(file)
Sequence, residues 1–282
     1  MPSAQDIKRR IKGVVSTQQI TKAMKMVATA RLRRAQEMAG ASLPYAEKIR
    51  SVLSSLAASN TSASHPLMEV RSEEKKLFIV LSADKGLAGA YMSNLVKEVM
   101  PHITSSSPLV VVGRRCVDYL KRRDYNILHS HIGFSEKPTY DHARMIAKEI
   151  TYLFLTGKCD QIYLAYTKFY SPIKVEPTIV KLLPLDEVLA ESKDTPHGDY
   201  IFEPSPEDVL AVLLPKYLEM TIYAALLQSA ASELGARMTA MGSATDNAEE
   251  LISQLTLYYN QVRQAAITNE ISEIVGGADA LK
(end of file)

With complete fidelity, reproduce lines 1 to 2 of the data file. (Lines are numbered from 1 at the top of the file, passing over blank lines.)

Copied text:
Sequence, residues 1–282
     1  MPSAQDIKRR IKGVVSTQQI TKAMKMVATA RLRRAQEMAG ASLPYAEKIR